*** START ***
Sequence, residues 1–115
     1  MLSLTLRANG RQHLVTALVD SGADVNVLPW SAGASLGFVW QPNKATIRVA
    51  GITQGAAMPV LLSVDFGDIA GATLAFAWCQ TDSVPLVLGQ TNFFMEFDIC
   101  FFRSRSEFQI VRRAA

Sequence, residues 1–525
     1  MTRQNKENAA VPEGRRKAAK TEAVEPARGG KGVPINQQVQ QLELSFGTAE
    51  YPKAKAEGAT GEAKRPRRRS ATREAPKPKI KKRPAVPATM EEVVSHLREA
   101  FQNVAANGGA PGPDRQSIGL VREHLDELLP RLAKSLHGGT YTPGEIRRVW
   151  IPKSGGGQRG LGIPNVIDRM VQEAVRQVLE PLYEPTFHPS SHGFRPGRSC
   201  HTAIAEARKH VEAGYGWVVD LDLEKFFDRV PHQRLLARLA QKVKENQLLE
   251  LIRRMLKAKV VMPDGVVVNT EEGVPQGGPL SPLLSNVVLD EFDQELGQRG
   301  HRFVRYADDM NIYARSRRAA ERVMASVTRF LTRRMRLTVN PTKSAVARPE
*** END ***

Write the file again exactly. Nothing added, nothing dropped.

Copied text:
Sequence, residues 1–115
     1  MLSLTLRANG RQHLVTALVD SGADVNVLPW SAGASLGFVW QPNKATIRVA
    51  GITQGAAMPV LLSVDFGDIA GATLAFAWCQ TDSVPLVLGQ TNFFMEFDIC
   101  FFRSRSEFQI VRRAA

Sequence, residues 1–525
     1  MTRQNKENAA VPEGRRKAAK TEAVEPARGG KGVPINQQVQ QLELSFGTAE
    51  YPKAKAEGAT GEAKRPRRRS ATREAPKPKI KKRPAVPATM EEVVSHLREA
   101  FQNVAANGGA PGPDRQSIGL VREHLDELLP RLAKSLHGGT YTPGEIRRVW
   151  IPKSGGGQRG LGIPNVIDRM VQEAVRQVLE PLYEPTFHPS SHGFRPGRSC
   201  HTAIAEARKH VEAGYGWVVD LDLEKFFDRV PHQRLLARLA QKVKENQLLE
   251  LIRRMLKAKV VMPDGVVVNT EEGVPQGGPL SPLLSNVVLD EFDQELGQRG
   301  HRFVRYADDM NIYARSRRAA ERVMASVTRF LTRRMRLTVN PTKSAVARPE